The Signals Platoon had four 'Heliographs 5-inch Mark V' as part of our signalling repertoire. A British invention, it was used by the Army in the Far East and our Signals Sergeant told us the heliograph was used to 'flash' the football results around the various Army units on a Saturday night in the years between the Wars. It can be used over long distances; up to 120 miles in the Far East, but about 40 to 50 miles in this country. I recall the special excitement of using the heliograph during a training session on the golf links overlooking the Firth of Forth in the early 1940s, when with the aid of a bright moon the heliograph worked well and the signals could be read clearly.

The heliograph has a signalling mirror with an unsilvered spot in its centre and a siting arm with a jointed sighing rod with movable vanes. It also has a duplex mirror held in 'U' arms with a butterfly screw. The base is equipped with a morse key.

To be able to transmitted signals,the signalling mirror has to be positioned to reflect the light from the signalling mirror on to the distant station.

Although it is not possible to see if the reflected light is precisely on the distant station, there is a sighting mark on a vane which can align the centre of the signalling mirror on to the distant station. This is achieved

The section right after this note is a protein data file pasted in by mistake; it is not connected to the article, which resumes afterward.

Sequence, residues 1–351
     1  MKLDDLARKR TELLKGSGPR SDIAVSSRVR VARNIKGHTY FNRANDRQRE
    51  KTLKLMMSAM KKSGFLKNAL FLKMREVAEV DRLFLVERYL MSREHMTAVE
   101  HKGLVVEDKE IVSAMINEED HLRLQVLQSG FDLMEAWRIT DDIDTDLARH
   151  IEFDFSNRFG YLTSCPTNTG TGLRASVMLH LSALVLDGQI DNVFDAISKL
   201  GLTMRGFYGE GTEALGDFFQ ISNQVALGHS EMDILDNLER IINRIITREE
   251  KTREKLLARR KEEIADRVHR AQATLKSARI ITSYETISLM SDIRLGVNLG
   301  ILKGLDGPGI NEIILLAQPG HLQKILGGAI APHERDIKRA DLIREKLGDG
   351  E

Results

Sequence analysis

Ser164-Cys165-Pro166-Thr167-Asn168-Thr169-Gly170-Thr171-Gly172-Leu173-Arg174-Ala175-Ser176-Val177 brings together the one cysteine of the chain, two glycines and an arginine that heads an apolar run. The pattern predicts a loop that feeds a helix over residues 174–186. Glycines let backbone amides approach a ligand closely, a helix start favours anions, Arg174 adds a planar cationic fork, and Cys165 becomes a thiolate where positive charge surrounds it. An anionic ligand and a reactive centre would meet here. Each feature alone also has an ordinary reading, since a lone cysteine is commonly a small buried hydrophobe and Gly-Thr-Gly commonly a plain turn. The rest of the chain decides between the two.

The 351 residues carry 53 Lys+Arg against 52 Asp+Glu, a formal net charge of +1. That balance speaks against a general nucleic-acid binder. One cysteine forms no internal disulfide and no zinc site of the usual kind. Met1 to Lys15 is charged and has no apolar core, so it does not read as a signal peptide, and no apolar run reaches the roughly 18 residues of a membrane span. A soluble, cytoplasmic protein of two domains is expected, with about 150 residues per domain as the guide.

when an unsilvered spot in the centre of the signalling mirror causes a small shadow-spot to be thrown on to the vane enabling the signaller to accurately site on to the distant station. The first rough sketch (left) from my signal notes of 1940 indicate the two positions of the signalling mirror: when perdendicular it is reflecting signals to the distant station; when the key is released the suns rays are deflected away from the station.
(1) Shows when the angle between the sun and the heliograph and distant station is at right angles or less, by means of the sighting rod the angle of the mirror can be adjusted to face the bi-section of the angle between the sun and the distant station.
(2) As the sun appears to move across the sky, their is a screw which gives you lateral change whilst you can move the collar to change the elevation.
(3) If over 90 degrees the duplex mirror has to be used. The signalling mirror is faced into the sun's rays which are reflected on to the duplex mirror and onwards to the distant station.

When searching for a distant station, the heliograph has to send a series of dashes which are slowly traversed over an area, doing this by turning the elevation collar or the tangent screw. When the distant station locates your flashing signals, it will align on to you.

Heliograph and Signalling Lamp have never been regarded as a secure means of sending messages as the heliograph beam had a wide lateral dispersion of 16 yards at a mile and the Signal Lamp 40 yards at the same distance and permits interception of the signals. In addition, there was always the danger that light beams would attracted enemy fire.